Letters (with a lot of flannel)

From Arthur Tremain

Sir: In all the fuss surrounding the re-emergence of Beatlemania, I am surprised no one has mentioned the fanatical interest that the late John Lennon had in cricket.

It is little realised that he was an obsessive Lancashire supporter, and hated to tour during the summer for fear of missing a Lancashire game or a Test match. During concerts, he would often watch videos of the latest Lancashire game on what fans thought were loudspeakers but were in fact TV monitor screens. If you watch videos of his later concerts, you can sometimes see him jump in the air at moments apparently unconnected with the music. Usually this was because someone had just been called out.

During his later years with Yoko Ono, who showed a sad lack of interest in the game, he would sneak off to play cricket with the Manhattan Minstrels, a New York team of expatriate cricketers drawn partly from British showbiz exiles and partly from West Indian immigrants. I remember standing beside him in the slips one day and watching him put down a difficult left-hand chance. "No one would have got that," I said, to comfort him, "except maybe Paul McCartney."

"Why him?" said John.

"Well, he's left-handed."

"Yes, but Linda McCartney would have got in the way," said John. How we all laughed.

However, the team abruptly lost John Lennon's services when Yoko Ono persuaded him to play naked one day as a protest for peace. He was never picked again.

Yours sincerely ...

From Mr Gary Bunyip

Sir: In all the fuss about the anniversary of the Sun Page Three girls, I am surprised no one has mentioned the cricket team which these gallant girls ran for many years. United by a common love of the game - and a generous subsidy from Mr Murdoch! - these fun-loving fillies often turned out of a Saturday to delight crowds all over the country with their skill as well as their stunning looks. Ignorant commentators have often supposed this buxom bunch played cricket topless, which shows a lamentable depth of ignorance and a degree of sexism on their part. In fact, these leggy lovelies preferred to play in French chambermaids' outfits with short black skirts and lacy cleavage.

Some of them were far from untalented. We had a fast bowler called Leslie Lindquist who could work up a fair head of steam, even though she was amply endowed in the chest region with a bust of more than 40in (or should that be in milligrams these days?).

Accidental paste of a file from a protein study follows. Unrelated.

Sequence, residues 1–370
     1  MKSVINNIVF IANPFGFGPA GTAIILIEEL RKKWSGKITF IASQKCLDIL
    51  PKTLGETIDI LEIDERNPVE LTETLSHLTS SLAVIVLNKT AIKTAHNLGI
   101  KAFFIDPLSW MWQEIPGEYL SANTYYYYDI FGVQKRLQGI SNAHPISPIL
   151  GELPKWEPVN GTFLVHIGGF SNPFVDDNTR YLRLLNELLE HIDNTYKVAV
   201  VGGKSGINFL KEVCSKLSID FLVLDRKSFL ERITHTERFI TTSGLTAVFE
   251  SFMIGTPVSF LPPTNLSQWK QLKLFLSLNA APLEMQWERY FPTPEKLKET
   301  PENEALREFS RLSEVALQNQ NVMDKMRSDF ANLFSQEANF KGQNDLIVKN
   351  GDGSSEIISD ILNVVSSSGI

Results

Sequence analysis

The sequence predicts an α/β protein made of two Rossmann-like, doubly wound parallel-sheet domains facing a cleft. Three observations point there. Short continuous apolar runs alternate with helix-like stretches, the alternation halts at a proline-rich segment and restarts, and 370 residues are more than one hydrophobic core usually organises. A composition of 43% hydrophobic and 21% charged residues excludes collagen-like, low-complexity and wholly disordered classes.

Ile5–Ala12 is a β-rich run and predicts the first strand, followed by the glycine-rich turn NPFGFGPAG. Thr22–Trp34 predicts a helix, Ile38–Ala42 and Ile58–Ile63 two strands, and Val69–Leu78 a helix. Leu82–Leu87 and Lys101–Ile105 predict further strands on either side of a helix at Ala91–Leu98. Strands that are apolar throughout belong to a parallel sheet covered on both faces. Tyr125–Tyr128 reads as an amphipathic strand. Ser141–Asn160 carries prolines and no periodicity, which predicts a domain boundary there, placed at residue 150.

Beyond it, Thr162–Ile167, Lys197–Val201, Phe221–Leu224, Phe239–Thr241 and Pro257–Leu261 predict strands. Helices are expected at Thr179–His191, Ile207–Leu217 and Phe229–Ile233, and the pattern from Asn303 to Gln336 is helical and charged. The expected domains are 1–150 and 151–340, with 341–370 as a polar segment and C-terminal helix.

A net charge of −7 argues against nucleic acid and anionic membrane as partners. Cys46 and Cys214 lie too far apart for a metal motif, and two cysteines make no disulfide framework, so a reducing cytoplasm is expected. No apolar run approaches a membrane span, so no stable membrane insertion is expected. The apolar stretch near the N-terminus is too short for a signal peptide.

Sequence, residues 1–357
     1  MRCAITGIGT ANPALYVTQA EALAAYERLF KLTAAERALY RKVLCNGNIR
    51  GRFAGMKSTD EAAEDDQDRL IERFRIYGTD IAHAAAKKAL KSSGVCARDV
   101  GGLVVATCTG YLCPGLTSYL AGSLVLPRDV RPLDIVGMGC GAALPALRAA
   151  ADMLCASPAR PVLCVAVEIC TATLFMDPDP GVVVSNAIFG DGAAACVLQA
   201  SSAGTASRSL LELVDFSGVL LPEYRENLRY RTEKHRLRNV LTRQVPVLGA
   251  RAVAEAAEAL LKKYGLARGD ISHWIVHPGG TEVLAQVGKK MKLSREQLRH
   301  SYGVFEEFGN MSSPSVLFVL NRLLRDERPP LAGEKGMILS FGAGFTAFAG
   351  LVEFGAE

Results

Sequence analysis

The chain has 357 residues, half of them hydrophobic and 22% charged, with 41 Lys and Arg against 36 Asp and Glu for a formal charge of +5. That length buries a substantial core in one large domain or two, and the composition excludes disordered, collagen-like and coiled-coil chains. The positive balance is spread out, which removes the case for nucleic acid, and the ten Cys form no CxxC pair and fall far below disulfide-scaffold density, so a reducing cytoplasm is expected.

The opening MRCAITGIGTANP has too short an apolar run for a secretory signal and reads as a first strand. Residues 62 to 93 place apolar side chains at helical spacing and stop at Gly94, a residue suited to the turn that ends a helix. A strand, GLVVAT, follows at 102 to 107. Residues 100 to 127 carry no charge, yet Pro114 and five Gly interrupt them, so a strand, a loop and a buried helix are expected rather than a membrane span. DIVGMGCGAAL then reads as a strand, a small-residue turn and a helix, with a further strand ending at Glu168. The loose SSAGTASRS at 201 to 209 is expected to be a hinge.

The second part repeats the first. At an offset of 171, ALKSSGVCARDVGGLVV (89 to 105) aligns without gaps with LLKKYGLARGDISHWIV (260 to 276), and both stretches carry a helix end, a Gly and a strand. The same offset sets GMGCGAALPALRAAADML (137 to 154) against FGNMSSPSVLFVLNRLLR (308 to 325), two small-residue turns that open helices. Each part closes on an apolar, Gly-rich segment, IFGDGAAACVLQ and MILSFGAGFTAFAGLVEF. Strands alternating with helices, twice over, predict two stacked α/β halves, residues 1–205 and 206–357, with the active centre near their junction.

On one occasion an opposing batsman asked her if she did not find it difficult to get her arm over with such a bountiful bosom. "Look, love," she snapped, "I don't ask if you have trouble walking or running, do I?" How we all laughed!

Yours faithfully ...

From Major-General Sir Norman Fishbolt

Sir: May I put in a word in support of my good friend Nicholas Soames MP? In all this Prince of Wales controversy he has come in for a good deal of flak, with many people unable to decide if he is genuinely paranoid or merely shamelessly trying to play for people's sympathy. Well, let me tell you, there is no one straighter and finer than Nicholas Soames, not least when it comes to cricket, in which game he is one of the stoutest fielders known to man - no pun intended!

I remember when he was a spectator at a cricket match at Windsor Castle, the annual fixture between Old Equerries and the Prince of Wales's Valets Past and Present XI. One of the equerries had to leave and Nicholas was pressed into being a substitute. "Blimey!" quipped one of the valets, as Nicholas strode on to the field. "They've sent on their 12th and 13th man!" How we all laughed.

Yours sincerely ...

From Professor Norman Carew

Sir: It would be a shame if Purcell's tercentenary were allowed to pass without some mention being made of the great composer's fondness for cricket.

I do not know if Purcell played cricket, but the musical world was stunned two years ago at the discovery of his cricketing cantata ("Blest Pair of Stumps") and a collection of cricketing rounds to be sung at sporting parties. Purcell had a weakness for writing rounds with rather risque words, and these cricketing ditties are no exception! I surprised a Wigmore Hall audience recently when, as an encore at a choral concert, I produced 11 men in white flannels who sang:

There was a very courtly lover,

Who quoth, "I need no extra cover

When with my mistress I do lay

And with her fine legs I do play ..."

And so on through all the fielding positions. How we all laughed!

Yours faithfully ...